In her own case, Small says that “once Andrew was comfortable with the team around him and he could see that it would all work, the fear factor was negated”.
But she says the key for women is to do the hard work and present a scenario.
“Unless you do all that background work, you never get to that,” she says.
“When one person is hesitant or has that fear, the other party has to do the work behind the scenes to be able to put forward a comprehensive plan to show that all the boxes are ticked.”
HAVING TO CONVINCE THE WOMAN
Small isn’t so optimistic when the men are driving the process and the woman is opposed.
She says women who are against investing are usually so for emotional reasons, and often accuse the man of putting their family’s future at risk.
This is particularly common for men who want to pursue investment as a full-time job.
“It’s not seen as a traditional job in that sense.” She says many women use “emotional blackmail”.
“When you put all the logic in front of them, men are much more logical,” she says.
“That doesn’t work the other way around.”
She believes that despite being presented the facts, women emotionally opposed to investments remain emotional.
Unfortunately, many men believe there’s only one path forward: cut the wife out of the information loop and proceed without them.
“A lot of them get to the point where they say, ‘this is happening, we’re doing it and that’s it’,” Small says.
“They just don’t share as much information with them about upcoming deals.”
Somers says the best way forward is “being informed, not pushing ahead regardless. Both ultimately have to take responsibility.”
But she does admit that some partners choose to invest by themselves. She cites one woman who told her that she was going it alone and would own the property in her name alone.
AVOID INFORMATION OVERLOAD
When logic doesn’t work, it’s time to explore the core issues creating the hesitancy.
“If one person is further ahead than the other, it’s because the other one is scared of something,” says Michael Yardney.
“Therefore, one really has to go back a step and work out what they’re scared of.”
The danger here is that when one partner detects resistance, they bombard the other with information.
“More figures and more numbers could bamboozle them and give them more fear,” he says.
McGeever agrees that one of the problems some couples find is filling their minds with too much information.
“I’ve come across numerous couples who’ve gone to half a dozen seminars and read a dozen books,” he says.
“They’ve given themselves too much information and end up sitting on their hands because they’re not sure which way to go.”
Too much information can also lead couples fall in love with different strategies, exacerbating conflict.
McGeever says some couples in conflict approach buyers agents.
“It puts people into a little bit more of a comfort zone.” But he says that couples are often divided.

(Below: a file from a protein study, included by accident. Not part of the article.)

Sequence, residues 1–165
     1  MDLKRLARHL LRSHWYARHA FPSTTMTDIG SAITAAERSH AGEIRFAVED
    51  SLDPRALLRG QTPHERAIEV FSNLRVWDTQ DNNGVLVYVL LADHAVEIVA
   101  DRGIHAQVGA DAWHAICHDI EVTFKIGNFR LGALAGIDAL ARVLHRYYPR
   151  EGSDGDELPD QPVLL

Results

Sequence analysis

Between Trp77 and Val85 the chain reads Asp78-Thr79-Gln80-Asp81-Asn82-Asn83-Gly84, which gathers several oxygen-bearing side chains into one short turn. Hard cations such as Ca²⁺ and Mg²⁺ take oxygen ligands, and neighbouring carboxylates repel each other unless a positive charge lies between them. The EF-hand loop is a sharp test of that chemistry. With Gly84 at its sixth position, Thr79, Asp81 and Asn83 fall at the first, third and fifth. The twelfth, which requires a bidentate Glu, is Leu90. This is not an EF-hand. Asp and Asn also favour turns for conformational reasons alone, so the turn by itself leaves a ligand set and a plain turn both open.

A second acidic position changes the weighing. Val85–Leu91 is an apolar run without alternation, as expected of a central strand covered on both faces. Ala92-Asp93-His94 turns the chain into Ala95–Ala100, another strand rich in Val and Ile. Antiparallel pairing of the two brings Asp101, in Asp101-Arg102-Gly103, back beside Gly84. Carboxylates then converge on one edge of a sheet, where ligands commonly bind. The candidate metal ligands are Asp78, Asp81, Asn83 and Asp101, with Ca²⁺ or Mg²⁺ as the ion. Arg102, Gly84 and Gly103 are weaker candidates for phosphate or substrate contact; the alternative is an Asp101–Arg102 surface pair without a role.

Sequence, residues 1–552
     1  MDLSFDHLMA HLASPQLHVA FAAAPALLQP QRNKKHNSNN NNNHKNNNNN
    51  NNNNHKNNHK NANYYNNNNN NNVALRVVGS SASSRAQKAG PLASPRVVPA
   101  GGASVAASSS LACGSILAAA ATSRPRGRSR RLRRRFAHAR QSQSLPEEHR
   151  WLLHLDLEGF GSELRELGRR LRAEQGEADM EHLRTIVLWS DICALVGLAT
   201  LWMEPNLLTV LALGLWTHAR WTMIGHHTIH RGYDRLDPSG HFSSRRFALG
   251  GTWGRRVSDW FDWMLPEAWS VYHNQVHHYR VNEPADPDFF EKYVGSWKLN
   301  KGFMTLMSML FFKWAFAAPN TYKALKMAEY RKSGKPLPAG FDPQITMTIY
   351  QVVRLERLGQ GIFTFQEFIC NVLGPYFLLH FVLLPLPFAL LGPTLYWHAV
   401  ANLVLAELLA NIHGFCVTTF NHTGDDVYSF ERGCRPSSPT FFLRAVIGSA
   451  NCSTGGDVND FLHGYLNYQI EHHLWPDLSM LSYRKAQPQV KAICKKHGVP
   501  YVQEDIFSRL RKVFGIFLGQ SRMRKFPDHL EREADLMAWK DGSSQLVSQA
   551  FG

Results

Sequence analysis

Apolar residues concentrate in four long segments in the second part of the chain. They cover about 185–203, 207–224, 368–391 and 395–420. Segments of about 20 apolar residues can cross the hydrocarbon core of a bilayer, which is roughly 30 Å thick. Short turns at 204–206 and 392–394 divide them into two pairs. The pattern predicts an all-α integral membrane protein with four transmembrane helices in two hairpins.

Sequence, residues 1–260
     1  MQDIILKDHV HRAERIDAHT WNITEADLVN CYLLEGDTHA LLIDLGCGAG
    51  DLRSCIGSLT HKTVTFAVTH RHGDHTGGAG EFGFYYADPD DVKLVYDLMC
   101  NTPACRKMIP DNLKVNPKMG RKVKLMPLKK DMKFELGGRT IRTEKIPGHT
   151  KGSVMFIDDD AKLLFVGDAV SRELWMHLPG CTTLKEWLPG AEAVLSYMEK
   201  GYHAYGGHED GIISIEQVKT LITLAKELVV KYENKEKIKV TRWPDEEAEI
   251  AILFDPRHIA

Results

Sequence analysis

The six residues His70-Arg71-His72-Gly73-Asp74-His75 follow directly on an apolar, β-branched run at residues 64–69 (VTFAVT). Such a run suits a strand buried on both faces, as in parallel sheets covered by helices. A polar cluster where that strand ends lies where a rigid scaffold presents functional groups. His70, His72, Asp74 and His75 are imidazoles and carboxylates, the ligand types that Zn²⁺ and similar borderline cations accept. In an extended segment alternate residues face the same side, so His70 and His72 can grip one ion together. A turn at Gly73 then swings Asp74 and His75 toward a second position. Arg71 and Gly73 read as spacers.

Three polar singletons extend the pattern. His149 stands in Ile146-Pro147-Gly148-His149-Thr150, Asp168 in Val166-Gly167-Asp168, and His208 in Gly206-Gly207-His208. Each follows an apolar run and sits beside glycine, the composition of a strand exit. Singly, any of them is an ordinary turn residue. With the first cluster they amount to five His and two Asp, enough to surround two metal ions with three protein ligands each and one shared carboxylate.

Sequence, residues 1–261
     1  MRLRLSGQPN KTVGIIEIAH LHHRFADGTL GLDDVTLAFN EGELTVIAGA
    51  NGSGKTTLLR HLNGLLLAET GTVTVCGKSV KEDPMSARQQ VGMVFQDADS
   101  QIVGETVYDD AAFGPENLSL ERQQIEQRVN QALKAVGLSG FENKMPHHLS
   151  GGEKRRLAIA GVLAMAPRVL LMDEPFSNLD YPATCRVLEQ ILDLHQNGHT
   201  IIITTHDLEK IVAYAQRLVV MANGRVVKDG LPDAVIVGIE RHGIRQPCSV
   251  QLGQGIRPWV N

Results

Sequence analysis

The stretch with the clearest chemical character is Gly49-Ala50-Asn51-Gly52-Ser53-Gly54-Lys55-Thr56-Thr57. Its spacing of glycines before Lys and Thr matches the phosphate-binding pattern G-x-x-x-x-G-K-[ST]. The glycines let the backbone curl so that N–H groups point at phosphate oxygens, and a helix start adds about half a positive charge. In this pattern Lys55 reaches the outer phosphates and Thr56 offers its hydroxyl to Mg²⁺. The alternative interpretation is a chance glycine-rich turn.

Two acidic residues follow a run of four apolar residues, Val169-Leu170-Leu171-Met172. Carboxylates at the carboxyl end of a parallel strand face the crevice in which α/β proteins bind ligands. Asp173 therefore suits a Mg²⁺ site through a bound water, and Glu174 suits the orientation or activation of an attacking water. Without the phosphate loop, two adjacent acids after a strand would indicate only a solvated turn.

“It’s usually the wife that’s reluctant to invest; it’s usually the husband reluctant to use a buyers agent. The husband usually says, ‘but we can do it ourselves’.”
Rather than providing more information, Michael Yardney believes the partner has to sit down with their loved one and discuss why they don’t want to invest.
That involves exploring issues including what concerns them, what their money beliefs are, what their parents were like (were they spenders or savers?), and what they were taught about money.
“It’s not logic,” he says, adding that you can have a strong, long-term, sensible plan but people will still say no because they haven’t confronted their underlying fears.
He says the only hope is a program of re-education to let go of old, disempowering beliefs.
But he warns “it’s very difficult to educate your life partner”.
He believes in going to seminars and reading books – not about real estate investing – but on learning to model themselves and their thoughts on successful people.
He doesn’t necessarily believe that couples should see psychologists, as “most psychologists are not wealthy”.
But if the dispute is causing serious issues, there’s no harm in seeking professional help from a psychologist.
Even if they choose not to seek professional help, couples can adopt techniques psychologists use to change the way people think.
One technique is to look at issues from a fresh perspective, or reframing.
Jan Somers, for example, advocates flipping the question from “should we invest in property” to “what will happen if we don’t invest”.
“The consequences of doing nothing are you might be reliant on a pension that doesn’t exist,” she says.
Somers says by approaching the issue differently, property becomes a real option because it clearly affects both partners.
“It’s a joint responsibility if they end up on a non-existent pension,” she says.
Small says resolving the different attitudes to risk she and her partner Andrew had has paid off.
They began by buying two blocks of land off the plan on the Capricorn Coast.
They have gone on to buy several more residential and commercial properties throughout Australia.
But she admits “it’s never ever fully resolved”.
“The reticence is always in one partner or another.
There’s always a person who’s more a risk taker and the other person who’s very hesitant.”
The key is to recognise the differences, accept who your partner is and create mutually agreed strategies to move forward and realise your dreams in property.
Accept the partner has a different risk appetite and be understanding.
Explore in an emotionally sensitive way your partner’s beliefs about money and investing.
Try to address any limiting views they were taught as a child.
Explore the benefits of investing but also the negative consequences of not being proactive in property.
If necessary, take your partner to suitable seminars that expand their knowledge.
Do most of the background work yourself on a potential deal so it’s well progressed before bringing your partner in.
Involve your partner in discussions with experts, including valuers, bank managers and accountants.
Talking with experts will alleviate some of their concerns.
For male partners, it will engage their logical thinking.
If the issues remain a constant source of tension and is creating major relationship issues, don’t be afraid to consult a professional psychologist.
Editors Note: This article has been republished for the benefit of our new readers. It was originally was written by Ben Power and was first published in API Magazine in September 2008 and has been republished with their permission.